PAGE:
"We have to be honest here," Nieblas says, "and we have to indicate that it really all depends on who wins the presidency and the immigration policies of this new president" — policies that could directly impact Jin Park, a 19-year-old Harvard student who was one of the first to receive DACA in 2012.

"Somebody can drag me out of my chemistry class at 10 a.m. and deport me," Park says. "That is a real possibility, and it's scary, you know."

Born in South Korea, Park was 7 when he took a plane to the U.S. with his parents. Like Garcia, Park and his family overstayed their tourist visas. Now, he says he's paying close attention to the presidential race — "All the debates, all the Republican debates, I really try to watch."

"For me, surviving as a single mother with a child — you know, a 3-year-old — I definitely have to start thinking about savings," says Antonia Rivera of Des Moines, Iowa, a 33-year-old mother who is also preparing for the possible end to DACA.

She walked across the border from Mexico illegally with her mother and younger sister when she was 6.

"I'm a survivor," Rivera says. "I know how to survive without any source of legal document that allows me to work and drive legally in this country. But I know it's really, really hard to do."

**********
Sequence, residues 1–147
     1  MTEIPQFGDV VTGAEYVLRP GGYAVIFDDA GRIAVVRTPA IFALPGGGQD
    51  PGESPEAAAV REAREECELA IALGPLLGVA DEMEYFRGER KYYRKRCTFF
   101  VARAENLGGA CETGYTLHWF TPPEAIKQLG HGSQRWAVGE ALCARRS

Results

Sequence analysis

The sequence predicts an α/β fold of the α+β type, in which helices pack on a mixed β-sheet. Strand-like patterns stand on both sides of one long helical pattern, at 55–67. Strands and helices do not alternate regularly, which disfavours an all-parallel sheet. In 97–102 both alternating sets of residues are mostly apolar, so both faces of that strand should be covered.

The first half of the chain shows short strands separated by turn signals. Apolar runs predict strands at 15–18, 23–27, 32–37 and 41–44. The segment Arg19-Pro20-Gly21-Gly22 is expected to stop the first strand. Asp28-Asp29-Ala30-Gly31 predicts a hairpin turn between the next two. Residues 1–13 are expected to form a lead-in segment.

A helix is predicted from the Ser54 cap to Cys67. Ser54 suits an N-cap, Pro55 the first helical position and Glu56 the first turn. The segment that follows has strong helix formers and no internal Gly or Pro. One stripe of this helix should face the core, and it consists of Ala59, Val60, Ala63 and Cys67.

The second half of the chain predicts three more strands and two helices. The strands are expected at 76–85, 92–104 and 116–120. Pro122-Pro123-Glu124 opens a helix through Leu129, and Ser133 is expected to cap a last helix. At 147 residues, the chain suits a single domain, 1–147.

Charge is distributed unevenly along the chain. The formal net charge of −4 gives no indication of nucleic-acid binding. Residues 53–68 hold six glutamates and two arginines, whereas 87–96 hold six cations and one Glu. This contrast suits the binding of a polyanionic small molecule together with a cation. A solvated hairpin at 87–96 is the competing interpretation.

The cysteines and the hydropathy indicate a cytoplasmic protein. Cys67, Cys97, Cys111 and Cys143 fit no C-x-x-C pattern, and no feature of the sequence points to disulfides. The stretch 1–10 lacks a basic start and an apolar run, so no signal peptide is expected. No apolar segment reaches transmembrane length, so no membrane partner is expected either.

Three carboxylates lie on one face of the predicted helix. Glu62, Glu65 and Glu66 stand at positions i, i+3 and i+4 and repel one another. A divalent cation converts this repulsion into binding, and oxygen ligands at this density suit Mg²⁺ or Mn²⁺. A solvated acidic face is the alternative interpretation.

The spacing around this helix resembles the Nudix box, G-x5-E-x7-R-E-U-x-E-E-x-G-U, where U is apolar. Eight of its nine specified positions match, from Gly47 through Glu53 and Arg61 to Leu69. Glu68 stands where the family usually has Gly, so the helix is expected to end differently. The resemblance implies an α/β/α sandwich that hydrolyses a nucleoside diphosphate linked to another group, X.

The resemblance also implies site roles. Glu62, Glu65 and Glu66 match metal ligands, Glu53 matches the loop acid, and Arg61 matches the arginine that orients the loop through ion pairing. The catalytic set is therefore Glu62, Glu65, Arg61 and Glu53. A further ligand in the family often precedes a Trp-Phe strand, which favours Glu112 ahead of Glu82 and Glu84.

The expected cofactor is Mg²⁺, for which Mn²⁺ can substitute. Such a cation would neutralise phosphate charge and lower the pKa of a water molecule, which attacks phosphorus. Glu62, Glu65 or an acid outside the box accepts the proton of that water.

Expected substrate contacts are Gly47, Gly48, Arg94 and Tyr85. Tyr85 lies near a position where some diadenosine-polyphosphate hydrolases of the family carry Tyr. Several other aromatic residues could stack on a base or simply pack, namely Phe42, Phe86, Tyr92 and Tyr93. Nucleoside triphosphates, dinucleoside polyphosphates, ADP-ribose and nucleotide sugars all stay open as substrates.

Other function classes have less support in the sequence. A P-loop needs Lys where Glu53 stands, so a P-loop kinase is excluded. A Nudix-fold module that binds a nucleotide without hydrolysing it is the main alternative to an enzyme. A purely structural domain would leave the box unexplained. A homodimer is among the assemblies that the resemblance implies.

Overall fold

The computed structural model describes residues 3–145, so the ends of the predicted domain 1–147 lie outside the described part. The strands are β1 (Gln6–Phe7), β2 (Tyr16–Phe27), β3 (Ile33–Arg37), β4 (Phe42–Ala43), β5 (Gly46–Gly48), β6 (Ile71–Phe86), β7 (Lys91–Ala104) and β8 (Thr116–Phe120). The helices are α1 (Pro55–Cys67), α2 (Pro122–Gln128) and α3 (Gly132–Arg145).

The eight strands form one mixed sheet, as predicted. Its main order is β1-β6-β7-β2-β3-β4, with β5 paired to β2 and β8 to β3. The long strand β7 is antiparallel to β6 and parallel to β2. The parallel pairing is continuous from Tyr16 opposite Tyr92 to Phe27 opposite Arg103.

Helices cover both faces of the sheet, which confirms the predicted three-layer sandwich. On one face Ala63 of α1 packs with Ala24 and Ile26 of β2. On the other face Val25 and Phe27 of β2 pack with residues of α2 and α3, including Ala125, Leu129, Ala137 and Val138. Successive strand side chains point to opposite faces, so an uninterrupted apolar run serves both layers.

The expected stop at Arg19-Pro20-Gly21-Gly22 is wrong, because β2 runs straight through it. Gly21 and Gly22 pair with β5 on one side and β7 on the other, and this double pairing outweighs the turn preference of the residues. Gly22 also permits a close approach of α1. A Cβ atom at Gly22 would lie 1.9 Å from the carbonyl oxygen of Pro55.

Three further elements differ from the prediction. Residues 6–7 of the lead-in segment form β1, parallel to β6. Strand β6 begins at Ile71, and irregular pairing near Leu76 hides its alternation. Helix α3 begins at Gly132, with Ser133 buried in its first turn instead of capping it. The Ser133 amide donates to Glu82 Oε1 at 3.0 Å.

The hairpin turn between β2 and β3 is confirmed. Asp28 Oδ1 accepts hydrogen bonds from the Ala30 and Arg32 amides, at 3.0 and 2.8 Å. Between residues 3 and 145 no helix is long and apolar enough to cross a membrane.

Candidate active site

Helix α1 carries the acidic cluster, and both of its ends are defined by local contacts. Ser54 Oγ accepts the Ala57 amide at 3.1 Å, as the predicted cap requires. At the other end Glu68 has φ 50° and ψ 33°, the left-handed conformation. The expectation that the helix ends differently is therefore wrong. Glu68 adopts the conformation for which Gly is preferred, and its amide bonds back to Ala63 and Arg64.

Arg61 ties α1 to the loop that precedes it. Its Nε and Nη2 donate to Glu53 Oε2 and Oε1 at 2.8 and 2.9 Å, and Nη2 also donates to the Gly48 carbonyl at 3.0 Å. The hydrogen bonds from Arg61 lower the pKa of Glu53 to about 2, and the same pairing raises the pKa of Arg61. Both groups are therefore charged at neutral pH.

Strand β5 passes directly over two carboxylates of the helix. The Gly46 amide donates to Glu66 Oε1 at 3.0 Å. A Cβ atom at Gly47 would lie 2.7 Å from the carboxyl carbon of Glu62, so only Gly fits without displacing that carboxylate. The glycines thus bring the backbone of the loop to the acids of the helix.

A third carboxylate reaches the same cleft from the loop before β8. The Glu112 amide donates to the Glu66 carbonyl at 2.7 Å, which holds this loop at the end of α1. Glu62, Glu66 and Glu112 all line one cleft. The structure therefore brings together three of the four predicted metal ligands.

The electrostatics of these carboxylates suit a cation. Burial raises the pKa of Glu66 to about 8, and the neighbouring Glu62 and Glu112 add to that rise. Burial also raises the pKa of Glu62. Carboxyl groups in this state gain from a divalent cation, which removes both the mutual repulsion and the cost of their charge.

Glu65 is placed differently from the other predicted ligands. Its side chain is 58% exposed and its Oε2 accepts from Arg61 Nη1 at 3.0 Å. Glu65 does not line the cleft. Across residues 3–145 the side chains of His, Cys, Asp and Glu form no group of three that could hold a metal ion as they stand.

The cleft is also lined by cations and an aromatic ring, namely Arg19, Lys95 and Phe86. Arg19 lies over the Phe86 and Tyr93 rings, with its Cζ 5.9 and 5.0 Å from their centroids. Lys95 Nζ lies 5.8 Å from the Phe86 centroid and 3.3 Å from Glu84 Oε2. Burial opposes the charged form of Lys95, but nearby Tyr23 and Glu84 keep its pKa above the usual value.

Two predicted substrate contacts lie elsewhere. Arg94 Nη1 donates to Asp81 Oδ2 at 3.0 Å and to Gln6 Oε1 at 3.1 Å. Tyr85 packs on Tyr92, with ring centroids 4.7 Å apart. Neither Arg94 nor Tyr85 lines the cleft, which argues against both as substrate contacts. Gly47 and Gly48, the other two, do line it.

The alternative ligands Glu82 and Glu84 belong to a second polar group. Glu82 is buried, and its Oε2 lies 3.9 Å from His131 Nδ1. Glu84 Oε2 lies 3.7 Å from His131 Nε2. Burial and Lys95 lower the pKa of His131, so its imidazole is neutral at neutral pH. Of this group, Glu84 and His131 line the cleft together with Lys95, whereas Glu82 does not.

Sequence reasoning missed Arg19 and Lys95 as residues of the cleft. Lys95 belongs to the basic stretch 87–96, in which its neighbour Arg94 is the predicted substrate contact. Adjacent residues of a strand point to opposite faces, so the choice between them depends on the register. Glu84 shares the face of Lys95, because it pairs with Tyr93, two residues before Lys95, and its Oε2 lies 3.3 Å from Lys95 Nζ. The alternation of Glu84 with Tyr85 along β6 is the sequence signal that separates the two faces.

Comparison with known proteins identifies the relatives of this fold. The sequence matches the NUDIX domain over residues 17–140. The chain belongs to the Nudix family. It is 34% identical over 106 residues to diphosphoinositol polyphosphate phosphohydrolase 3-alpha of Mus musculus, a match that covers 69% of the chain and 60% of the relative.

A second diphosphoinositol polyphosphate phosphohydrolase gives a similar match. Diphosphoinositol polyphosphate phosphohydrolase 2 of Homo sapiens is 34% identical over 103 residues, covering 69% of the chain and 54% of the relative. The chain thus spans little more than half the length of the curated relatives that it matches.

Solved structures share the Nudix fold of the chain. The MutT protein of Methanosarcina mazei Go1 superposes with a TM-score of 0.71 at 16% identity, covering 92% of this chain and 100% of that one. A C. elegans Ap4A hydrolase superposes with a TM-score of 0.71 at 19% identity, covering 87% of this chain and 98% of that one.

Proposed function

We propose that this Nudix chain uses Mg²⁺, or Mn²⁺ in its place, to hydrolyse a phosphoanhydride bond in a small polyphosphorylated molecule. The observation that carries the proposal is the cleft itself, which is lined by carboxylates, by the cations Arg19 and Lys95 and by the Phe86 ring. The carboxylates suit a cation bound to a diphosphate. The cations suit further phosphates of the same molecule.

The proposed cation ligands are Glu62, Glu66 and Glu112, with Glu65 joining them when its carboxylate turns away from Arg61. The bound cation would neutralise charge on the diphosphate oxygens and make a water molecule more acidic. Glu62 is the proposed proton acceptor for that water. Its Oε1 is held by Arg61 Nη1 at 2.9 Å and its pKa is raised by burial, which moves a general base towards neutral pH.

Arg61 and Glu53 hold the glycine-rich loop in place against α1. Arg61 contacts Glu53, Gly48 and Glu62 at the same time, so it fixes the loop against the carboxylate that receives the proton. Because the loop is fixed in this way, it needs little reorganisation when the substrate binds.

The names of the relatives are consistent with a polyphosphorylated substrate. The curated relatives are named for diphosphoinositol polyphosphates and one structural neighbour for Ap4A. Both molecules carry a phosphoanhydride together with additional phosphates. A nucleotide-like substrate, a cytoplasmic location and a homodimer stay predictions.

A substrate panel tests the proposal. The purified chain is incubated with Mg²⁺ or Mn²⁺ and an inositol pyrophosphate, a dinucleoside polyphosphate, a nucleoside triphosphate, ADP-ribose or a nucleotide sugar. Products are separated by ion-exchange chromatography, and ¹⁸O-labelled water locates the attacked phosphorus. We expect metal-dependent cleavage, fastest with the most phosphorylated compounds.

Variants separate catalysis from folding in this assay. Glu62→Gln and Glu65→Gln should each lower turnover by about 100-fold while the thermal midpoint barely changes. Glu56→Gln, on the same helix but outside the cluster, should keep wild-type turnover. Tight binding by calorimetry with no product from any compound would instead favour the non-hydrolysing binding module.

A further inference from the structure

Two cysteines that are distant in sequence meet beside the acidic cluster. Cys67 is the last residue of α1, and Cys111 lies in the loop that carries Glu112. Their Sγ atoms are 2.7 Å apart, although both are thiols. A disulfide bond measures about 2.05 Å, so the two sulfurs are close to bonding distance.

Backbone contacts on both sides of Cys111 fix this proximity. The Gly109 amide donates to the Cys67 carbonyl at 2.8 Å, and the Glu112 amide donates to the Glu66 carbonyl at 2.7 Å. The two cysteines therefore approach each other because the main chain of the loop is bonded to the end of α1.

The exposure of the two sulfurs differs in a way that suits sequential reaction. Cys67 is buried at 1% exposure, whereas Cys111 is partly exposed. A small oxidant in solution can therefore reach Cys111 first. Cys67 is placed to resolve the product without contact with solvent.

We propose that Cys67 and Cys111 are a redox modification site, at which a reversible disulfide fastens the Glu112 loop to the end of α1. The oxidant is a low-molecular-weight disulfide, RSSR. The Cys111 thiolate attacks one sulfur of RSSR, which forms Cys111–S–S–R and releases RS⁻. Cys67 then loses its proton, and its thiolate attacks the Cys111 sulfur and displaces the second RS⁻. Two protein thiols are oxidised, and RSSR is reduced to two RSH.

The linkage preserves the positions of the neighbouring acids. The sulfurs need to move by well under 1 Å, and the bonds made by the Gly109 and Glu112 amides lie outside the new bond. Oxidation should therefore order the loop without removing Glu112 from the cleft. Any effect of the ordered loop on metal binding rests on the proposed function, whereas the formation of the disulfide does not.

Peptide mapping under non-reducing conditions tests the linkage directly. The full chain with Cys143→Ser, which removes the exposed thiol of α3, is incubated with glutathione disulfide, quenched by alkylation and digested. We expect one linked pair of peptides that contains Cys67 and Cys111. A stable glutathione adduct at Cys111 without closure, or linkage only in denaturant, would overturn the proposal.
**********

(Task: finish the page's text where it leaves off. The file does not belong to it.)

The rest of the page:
It's a challenge that more than a half-million DACA recipients may have to face when Obama leaves the White House.

Copyright 2016 NPR. To see more, visit http://www.npr.org/.

Transcript

MICHEL MARTIN, HOST:

We've been thinking about this new year which is now upon us, and we note that 2016 will be a critical year for many people who are residing in the U.S. without authorization. More than half a million people have been temporarily protected from deportation by President Obama's Deferred Action for Childhood Arrivals program. It's known as DACA. But how long that program lasts will likely depend on who wins the presidency. NPR's Hansi Lo Wang has more.

HANSI LO WANG, BYLINE: Back in 2012, President Obama took executive action to create a program for unauthorized immigrants who entered the U.S. as children before 2007 and are currently under 34. It's called DACA. And now almost all of the Republicans running to replace Obama have been asked what would you do as the next president?

(SOUNDBITE OF ARCHIVED RECORDING)

MEGYN KELLY: Would you reverse President Obama's executive action on illegal immigration?

CHRIS CHRISTIE: Yes.

(SOUNDBITE OF ARCHIVED RECORDING)

CHUCK TODD: You'll rescind the Dream Act executive order or DACA.

DONALD TRUMP: We have to make a whole new set of standards.

(SOUNDBITE OF ARCHIVED RECORDING)

MARCO RUBIO: We're not going to extend the program. DACA is going to end.

WANG: That was New Jersey Gov. Chris Christie on Fox News, Donald Trump on NBC and Sen. Marco Rubio. Like most of their fellow GOP candidates, they say they would get rid of DACA. That's a scenario that immigrants like Valentina Garcia are preparing for. She's a sophomore at Dartmouth College.